Performance of Hive queries


I'm seeing a huge difference in time when running queries against a very small Elasticsearch index, I wondered if anyone could shed light on it (and suggest how to improve it).

I have a single document in Elasticsearch:

curl -XPOST 'http://es-host:9200/viz/characters/' -d '{"name":"finbarr saunders"}'

I then create my Hive table:

CREATE EXTERNAL TABLE es_foo (name string) 
ROW FORMAT SERDE 'org.elasticsearch.hadoop.hive.EsSerDe' 
STORED BY 'org.elasticsearch.hadoop.hive.EsStorageHandler' 
TBLPROPERTIES ('es.nodes'='es-host','es.resource'='viz/characters');

A SELECT * is fairly fast:

0: jdbc:hive2://localhost:10000> select * from es_foo;
|       name        |
| finbarr saunders  |
1 row selected (6.475 seconds)

But a COUNT DISTINCT or named-column SELECT is awful:

0: jdbc:hive2://localhost:10000> select count(distinct name) from es_foo;
| _c0  |
| 1    |
1 row selected (102.79 seconds)

0: jdbc:hive2://localhost:10000> select name from es_foo;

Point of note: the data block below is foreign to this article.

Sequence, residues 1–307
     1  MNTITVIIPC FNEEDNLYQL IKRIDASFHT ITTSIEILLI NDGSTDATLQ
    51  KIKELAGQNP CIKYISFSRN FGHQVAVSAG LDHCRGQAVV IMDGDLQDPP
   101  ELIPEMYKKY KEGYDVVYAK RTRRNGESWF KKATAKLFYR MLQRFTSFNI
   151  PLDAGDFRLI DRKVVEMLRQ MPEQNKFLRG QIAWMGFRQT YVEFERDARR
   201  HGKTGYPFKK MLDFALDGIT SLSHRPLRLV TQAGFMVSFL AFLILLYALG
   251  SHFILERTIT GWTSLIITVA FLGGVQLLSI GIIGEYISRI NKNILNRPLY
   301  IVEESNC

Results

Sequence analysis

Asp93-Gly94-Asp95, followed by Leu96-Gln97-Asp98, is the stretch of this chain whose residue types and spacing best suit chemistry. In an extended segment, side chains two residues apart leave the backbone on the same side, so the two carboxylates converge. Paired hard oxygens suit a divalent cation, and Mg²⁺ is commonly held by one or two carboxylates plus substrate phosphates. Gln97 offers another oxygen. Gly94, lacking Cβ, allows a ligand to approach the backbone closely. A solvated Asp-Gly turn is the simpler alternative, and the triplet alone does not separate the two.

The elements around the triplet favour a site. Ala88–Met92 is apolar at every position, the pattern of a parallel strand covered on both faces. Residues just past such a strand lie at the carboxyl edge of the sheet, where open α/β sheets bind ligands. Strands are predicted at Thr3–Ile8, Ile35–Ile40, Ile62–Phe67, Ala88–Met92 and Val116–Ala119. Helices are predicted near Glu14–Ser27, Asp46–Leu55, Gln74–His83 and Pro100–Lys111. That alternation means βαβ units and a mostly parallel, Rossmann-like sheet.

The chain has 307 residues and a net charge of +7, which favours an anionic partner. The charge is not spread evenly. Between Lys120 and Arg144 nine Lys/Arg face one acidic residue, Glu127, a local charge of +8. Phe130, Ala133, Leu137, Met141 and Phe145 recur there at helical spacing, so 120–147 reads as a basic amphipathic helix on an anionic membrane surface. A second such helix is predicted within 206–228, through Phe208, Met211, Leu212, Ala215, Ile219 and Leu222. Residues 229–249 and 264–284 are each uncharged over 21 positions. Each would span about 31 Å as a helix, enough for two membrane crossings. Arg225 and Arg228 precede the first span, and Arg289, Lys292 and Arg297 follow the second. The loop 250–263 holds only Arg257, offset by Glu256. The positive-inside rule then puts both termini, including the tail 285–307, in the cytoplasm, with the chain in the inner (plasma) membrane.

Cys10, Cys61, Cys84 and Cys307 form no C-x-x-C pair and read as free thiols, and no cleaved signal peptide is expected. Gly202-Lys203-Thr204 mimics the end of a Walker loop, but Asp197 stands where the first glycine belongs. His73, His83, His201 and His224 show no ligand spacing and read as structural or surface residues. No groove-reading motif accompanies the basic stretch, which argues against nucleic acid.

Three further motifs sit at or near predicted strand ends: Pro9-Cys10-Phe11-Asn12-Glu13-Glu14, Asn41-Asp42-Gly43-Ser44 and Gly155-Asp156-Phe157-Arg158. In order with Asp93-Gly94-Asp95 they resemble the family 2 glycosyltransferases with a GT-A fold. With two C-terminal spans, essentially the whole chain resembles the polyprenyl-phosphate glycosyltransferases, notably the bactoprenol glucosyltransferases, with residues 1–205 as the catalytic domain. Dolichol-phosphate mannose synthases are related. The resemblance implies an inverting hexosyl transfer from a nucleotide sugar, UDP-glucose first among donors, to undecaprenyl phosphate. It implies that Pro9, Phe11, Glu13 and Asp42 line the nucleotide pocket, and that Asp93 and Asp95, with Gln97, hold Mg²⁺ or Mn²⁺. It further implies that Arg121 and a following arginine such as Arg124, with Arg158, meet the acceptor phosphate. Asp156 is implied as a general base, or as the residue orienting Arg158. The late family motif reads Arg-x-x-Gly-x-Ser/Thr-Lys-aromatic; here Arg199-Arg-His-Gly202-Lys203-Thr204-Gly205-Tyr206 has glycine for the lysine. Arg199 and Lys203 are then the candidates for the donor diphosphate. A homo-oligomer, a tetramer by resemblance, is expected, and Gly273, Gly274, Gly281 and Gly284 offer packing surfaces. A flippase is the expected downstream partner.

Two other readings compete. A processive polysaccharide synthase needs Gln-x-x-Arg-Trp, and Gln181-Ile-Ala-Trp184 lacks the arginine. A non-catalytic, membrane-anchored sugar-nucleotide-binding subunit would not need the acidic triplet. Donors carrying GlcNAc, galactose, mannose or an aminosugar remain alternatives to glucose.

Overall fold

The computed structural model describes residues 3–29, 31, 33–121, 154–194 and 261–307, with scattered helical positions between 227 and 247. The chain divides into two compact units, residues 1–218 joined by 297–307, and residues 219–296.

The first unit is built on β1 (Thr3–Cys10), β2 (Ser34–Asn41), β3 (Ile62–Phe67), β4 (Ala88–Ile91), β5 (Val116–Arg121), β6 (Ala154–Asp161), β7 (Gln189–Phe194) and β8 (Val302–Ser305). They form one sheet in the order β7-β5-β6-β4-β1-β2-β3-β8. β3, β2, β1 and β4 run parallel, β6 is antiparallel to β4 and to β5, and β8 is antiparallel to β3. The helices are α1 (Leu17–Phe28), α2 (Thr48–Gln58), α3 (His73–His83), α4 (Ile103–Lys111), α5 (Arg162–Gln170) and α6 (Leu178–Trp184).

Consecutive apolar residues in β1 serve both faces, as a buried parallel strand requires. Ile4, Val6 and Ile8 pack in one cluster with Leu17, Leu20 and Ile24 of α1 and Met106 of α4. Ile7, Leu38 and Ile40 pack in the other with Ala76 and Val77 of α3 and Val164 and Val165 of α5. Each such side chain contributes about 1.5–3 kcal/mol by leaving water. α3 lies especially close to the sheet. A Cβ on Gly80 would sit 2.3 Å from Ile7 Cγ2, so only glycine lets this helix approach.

|       name        |
| finbarr saunders  |
1 row selected (80.341 seconds)
0: jdbc:hive2://localhost:10000>

Any suggestions?

This is with elasticsearch-hadoop-2.0.2, CDH 5.


You can try using 2.1.0.Beta4 though I doubt it will make a big difference.
There are several things at play here:

  1. you are using the JDBC driver which will add some extra complexity - for example when selecting the column name; it should be faster than select * (and it is on the elasticsearch side) but gets more complicated on Hive part I suspect
  2. DISTINCT COUNT is likely to involve additional map/reduce jobs - you can tell this from the console.

You can diagnose things yourself by:
a. looking at the calls made by the connector to Elasticsearch. They should be more or less the same and have the same speed. When specifying the column, you should see the project applied.
b. do the same calls from outside JDBC - by using the Hive shell directly and see whether there's any difference

c. see the work Hive executes with the data. The first select is basically pure streaming and hence why its fast (still Hive add some overhead 4-5 seconds). The rest likely involve additional processing which means map/reduce jobs - try to see whether switching to Tez improves things from an execution perspective (do not that a lot of folks reported problems with Tez from high memory consumption to crashes).

Additionally, if you really want to use SQL, you can try potentially Spark SQL (we support that as well in 2.1).

Thanks for the feedback, I'll have a look into it.